Sherman County eNews #259

CONTENTS

  1. Order Fresh Pears & Apples to Benefit Little Wheats Daycare

  2. Sherman Development League Grant Cycle

  3. Plans and Planning

  4. Medicare Annual Enrollment, Oct. 15-Dec. 7

  5. Links: Things to Think About & Things to Do


“Here comes the orator! With his flood of words, and his drop of reason.” ~Benjamin Franklin (1735)


1. Order Fresh Pears & Apples to Benefit Little Wheats Daycare

food.pearfood.applesLittle Wheats Daycare is excited to offer a fundraiser of Kiyokawa Orchards fresh picked local pears and apples- orders due THIS Friday, October 18th! Several varieties: Gala, Fuji,  Red Bartlett, Anjou, and many more- perfect for fall baking, snacking or even to donate to your child’s class. Please contact Tabetha at 541-993-9618, or any Little Wheats family, to get your order in. Fruit will be available October 26th.


2. Sherman Development League Grant Cycle

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Applications are available for 2019 Sherman Development League (SDL) grants. Grants can be applied for by 501(c)(3) and other non-profit organizations. Organizations that have received a grant from SDL are not eligible to apply until their current grant requirements have been met. Revolving loan funds are also available to for-profit entities and businesses.

Applications will be accepted until November 15, 2019, and grants will be awarded by February 1, 2020. To receive appropriate grant/loan application forms, please submit a letter of request which includes:

• A brief description of your project.
• State if the project is a capital expenditure, one-time program or pilot project, emergency assistance or a loan request.
• Identify the type of organization requesting funding.

Mail or email requests to:
Sherman Development League, Inc.
P.O. Box 11
Moro, OR 97039
shermandevelopmentleague@gmail.com

Questions?
Contact Melva Thomas at 541-442-5488 or shermandevelopmentleague@gmail.com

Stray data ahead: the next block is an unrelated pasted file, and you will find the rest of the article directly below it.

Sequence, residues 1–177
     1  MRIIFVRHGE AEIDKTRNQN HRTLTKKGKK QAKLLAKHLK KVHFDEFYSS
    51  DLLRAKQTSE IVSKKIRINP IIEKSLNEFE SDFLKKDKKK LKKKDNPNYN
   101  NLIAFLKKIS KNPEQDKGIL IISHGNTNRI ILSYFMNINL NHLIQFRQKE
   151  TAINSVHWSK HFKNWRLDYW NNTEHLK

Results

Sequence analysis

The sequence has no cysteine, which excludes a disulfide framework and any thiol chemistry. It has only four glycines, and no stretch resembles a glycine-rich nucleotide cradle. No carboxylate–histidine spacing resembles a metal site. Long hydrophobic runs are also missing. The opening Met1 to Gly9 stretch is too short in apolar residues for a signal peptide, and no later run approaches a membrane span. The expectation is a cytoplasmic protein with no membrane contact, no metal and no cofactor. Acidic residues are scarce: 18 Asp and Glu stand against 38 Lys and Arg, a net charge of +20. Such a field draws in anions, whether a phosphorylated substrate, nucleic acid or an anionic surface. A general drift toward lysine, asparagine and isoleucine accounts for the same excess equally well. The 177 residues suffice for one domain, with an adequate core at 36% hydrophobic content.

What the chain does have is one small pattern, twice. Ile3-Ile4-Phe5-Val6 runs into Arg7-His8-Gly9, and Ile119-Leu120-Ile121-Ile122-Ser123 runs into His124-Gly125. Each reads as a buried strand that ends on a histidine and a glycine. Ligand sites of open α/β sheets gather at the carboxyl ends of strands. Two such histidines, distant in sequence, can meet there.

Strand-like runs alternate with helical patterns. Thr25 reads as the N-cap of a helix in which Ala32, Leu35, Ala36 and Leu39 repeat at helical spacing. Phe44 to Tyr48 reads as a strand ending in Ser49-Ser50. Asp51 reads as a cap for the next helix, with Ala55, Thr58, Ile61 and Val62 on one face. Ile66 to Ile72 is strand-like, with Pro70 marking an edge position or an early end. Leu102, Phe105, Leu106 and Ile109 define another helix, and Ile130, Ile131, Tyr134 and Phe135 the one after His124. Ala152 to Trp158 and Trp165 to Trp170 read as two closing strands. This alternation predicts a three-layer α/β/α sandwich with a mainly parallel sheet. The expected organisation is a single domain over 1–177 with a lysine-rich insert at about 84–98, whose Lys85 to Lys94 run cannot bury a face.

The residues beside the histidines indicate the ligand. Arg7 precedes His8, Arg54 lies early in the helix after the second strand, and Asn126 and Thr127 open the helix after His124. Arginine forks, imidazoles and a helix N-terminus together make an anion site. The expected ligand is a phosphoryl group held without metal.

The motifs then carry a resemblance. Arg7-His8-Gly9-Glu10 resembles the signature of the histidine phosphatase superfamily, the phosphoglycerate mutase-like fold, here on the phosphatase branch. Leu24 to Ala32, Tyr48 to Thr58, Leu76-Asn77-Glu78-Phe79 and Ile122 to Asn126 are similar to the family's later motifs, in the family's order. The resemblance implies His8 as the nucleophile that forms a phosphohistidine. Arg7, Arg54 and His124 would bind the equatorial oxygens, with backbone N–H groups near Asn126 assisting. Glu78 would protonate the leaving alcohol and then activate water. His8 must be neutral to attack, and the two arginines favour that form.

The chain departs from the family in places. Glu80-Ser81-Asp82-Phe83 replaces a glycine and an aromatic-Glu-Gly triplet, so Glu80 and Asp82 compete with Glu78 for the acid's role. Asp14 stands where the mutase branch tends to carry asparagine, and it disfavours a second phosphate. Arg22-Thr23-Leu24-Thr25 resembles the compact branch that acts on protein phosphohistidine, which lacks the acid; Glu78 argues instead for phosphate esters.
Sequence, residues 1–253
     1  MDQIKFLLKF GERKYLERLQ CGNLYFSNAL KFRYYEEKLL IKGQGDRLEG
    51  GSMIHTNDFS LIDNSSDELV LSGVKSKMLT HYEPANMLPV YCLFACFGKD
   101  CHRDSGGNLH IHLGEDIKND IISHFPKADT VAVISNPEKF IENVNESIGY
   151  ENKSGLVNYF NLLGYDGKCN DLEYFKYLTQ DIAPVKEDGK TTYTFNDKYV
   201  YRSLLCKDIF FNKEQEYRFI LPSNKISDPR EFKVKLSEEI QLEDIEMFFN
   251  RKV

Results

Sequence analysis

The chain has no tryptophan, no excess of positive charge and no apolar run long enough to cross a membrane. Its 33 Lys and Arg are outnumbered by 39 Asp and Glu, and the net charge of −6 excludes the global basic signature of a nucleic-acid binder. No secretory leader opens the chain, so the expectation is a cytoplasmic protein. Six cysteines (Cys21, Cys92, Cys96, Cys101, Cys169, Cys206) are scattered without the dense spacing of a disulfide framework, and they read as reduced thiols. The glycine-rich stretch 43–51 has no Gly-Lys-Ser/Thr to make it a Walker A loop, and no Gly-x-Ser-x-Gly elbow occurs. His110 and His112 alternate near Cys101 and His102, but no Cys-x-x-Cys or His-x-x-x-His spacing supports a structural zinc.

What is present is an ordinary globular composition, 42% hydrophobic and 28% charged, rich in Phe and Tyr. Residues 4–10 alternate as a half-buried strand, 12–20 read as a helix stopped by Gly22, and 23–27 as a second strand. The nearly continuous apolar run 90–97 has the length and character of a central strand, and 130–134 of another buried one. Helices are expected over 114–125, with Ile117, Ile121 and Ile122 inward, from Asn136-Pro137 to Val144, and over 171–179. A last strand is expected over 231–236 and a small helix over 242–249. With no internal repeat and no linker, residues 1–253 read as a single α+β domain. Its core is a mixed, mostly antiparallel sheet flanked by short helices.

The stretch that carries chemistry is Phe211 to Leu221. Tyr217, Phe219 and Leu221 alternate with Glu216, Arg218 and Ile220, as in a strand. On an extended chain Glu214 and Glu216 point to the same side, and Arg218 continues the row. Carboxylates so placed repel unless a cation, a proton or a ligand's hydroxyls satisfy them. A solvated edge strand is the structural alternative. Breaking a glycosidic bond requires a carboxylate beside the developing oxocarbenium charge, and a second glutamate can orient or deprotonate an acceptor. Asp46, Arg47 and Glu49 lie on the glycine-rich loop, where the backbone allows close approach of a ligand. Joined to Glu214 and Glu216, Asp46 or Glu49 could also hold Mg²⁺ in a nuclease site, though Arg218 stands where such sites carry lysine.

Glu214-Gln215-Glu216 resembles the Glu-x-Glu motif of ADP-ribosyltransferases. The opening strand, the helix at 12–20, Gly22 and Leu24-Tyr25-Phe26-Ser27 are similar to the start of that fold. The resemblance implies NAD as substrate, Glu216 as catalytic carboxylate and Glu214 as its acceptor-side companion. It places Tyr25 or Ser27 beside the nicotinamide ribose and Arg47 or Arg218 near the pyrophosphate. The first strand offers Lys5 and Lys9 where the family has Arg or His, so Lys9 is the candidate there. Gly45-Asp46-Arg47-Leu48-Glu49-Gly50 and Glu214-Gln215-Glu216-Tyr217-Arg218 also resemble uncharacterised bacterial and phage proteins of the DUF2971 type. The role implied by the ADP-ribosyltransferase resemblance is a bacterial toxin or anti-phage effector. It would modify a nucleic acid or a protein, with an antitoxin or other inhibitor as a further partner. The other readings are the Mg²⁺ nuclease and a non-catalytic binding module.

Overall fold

3. Plans and Planning

Do you have plans for what you want from life? Do you have a plan for what you want to accomplish in your work? Today, let’s talk about why plans rarely seem to work as we think they will – and why we need them anyway.

Perhaps you have noticed, in the past, that making plans very seldom works. Well, at least not in the exact manner we expect when we write them. We have a goal. We break it down into action steps, and estimate how long each step will take.

But when we achieve the goal, we look back and see that very little actually went exactly as we had planned. Some things took longer, some things took less time; some things were skipped altogether, while other things we never expected required last-minute attention and quick decision-making.

However, without that “faulty” plan, we might never have achieved our goal at all. So even though a lot of plans may not work out the way we expect them to, without them we would wind up stuck in the mud of our own procrastination and lack of direction. Without a plan, it can be very difficult to see if we have made any progress.

When an airplane takes off, the pilot has a detailed plan to govern the trip, and it has been filed with air traffic control. Do you have a plan for getting what you want in life? Do you plan your time day by day, maybe hour by hour, to ensure that you are moving forward toward your goals? Do you put your plans in writing, and adjust them as you go? Do others close to you have an idea where you are going, so that they can be supportive?

If so, good for you! You are more likely to get to where you want to go than those who just fly through life by the seat of their pants, hoping they will make it. But then, you already know that, don’t you? That is why you make plans in the first place! ~The Pacific Institute


4. Medicare Annual Enrollment, Oct. 15-Dec. 7

(Salem) – The annual open enrollment for Medicare starts today and the Oregon Senior Health Insurance Benefits Assistance (SHIBA) Program in the Oregon Health Insurance Marketplace is ready to help. Medicare annual enrollment is Oct. 15 through Dec. 7.